North Carolina: Mecklenburg County District Attorney Spencer Merriweather, III Calls For The Federal Bail System, Which Will Increase Mass Incarceration, Not Reduce Crime, And Bankrupt The State Of North Carolina

North Carolina: Mecklenburg County District Attorney Spencer Merriweather, III Calls For The Federal Bail System, Which Will Increase Mass Incarceration, Not Reduce Crime, And Bankrupt The State Of North Carolina

Mecklenburg County District Attorney Spencer Merriweather believes in preventative detention policies, those that allow denying bail altogether, and wants them to come to North Carolina.  In a recent press conference reported on by 3WBTV, Merriweather thinks such policies are fairer to the poor and will serve to reduce mass incarceration.

The plan? Merriweather wants “end money bail” and force the legislature to expand the power of judges to deny bail altogether, which he says will be a fairer system.  Indeed, in a self-fulfilling prophesy when DA Merriweather argues everyone should be let out for free, this will simply feed the argument that he needs greater power to detain.  Instead, what he really needs is a history lesson and to go into court and seek reasonable bails when necessary.

First, in peer-reviewed research, it has been established that the federal system, since implemented in 1984, has nearly tripled the rate of pretrial incarceration.  In 1983, 24% of defendants were held pending trial on a combination of unposted bails and detention without bail.  Today, a staggering 72.8% of defendants are held without the possibility of release on bail.  Merriweather directly calls for such policies, saying he trusts judges and apparently himself to not over-use it.  Detaining defendants at such a rate will increase mass incarceration and bankrupt the State of North Carolina.

Further, a noted article in this field has proven for a generation that preventative detention policies simply do not reduce crime.  Eliminating bail, Merriweather says, is needed because we need to improve public safety.  But, preventative detention policies do not work.  According to an article entitled Preventative Detention: A Constitutional But Ineffective Means of Fighting Pretrial Crime, the author points out, after reviewing a variety of literature and court opinions, that “Justice [Thurgood] Marshall, Judge Mack, and Professor Ewing have persuasively argued that preventive detention is an inaccurate method of fighting pretrial crime.”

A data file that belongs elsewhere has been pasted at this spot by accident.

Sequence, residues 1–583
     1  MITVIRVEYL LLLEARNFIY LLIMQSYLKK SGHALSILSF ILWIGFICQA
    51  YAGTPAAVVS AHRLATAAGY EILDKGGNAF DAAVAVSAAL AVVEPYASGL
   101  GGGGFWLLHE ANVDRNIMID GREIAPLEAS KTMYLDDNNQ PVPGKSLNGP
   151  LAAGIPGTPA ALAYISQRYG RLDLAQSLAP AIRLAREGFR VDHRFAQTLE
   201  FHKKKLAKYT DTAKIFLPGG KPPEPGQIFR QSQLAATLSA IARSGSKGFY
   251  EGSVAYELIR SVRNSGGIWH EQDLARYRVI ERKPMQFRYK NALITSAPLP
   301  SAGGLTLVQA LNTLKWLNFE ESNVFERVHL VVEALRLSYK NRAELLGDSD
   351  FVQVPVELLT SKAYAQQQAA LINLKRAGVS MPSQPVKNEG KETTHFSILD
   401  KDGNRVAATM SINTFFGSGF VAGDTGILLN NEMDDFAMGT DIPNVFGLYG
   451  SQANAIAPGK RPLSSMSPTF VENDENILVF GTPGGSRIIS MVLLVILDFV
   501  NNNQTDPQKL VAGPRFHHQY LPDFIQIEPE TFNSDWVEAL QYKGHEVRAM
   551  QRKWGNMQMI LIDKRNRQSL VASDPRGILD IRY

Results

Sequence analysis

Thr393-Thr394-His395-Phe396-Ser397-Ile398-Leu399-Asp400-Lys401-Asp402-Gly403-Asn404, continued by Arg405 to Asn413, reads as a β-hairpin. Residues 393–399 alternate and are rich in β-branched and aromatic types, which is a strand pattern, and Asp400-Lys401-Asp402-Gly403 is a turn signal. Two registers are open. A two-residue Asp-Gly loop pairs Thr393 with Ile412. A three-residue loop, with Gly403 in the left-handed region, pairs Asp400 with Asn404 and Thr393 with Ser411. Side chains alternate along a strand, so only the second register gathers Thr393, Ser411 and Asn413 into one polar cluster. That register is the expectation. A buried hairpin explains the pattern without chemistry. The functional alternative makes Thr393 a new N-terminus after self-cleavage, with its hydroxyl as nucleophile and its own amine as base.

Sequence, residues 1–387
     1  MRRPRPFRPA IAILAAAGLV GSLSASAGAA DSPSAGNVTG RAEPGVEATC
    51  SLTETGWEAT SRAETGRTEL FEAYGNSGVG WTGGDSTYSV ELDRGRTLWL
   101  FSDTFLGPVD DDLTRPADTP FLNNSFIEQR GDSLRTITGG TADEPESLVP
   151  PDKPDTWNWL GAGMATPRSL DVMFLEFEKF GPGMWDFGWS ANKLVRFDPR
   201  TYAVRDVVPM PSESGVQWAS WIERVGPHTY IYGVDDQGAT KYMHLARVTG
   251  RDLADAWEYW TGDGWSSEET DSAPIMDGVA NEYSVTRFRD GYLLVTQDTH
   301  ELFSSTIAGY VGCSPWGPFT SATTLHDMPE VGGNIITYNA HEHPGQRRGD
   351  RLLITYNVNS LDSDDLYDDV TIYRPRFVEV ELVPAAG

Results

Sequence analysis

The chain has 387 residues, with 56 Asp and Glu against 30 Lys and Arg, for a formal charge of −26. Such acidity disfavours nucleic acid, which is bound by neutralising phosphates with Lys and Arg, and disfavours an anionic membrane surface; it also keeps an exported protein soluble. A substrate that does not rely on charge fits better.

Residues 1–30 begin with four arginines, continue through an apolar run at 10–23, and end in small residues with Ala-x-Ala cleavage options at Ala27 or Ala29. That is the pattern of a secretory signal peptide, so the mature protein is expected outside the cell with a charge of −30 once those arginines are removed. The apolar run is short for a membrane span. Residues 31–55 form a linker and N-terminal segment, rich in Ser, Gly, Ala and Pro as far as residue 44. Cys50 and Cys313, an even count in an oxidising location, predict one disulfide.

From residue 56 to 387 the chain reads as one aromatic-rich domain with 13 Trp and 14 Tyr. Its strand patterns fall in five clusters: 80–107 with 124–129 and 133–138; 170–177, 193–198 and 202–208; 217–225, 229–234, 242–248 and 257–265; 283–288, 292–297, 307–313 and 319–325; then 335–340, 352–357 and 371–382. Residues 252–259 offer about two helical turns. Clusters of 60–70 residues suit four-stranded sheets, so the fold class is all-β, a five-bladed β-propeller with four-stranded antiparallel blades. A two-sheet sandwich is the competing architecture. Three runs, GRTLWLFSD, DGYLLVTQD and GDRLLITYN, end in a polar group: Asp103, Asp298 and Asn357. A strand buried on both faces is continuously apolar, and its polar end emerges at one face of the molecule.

A generation ago, Judge Amalia Kearse, writing for a divided panel of the U.S. Court of Appeals for the Second Circuit, articulated why the Bail Reform Act of 1984 is a civil rights atrocity in holding it unconstitutional, an opinion later reversed in an opinion written by then-Chief Justice William Rehnquist:

The system of criminal justice contemplated by the Due Process Clause ... is a system of announcing in statutes of adequate clarity what conduct is prohibited and then invoking the penalties of the law against those who have committed crimes. The liberty protected under that system is premised on the accountability of free men and women for what they have done, not for what they may do. The Due Process Clause reflects the constitutional imperative that incarceration to protect society from criminals may be accomplished only as punishment of those convicted for past crimes and not as regulation of those feared likely to commit future crimes.

In dissent, Justice Thurgood Marshall also explained why preventative detention policies were antithetical to our constitutional tradition of the right to bail: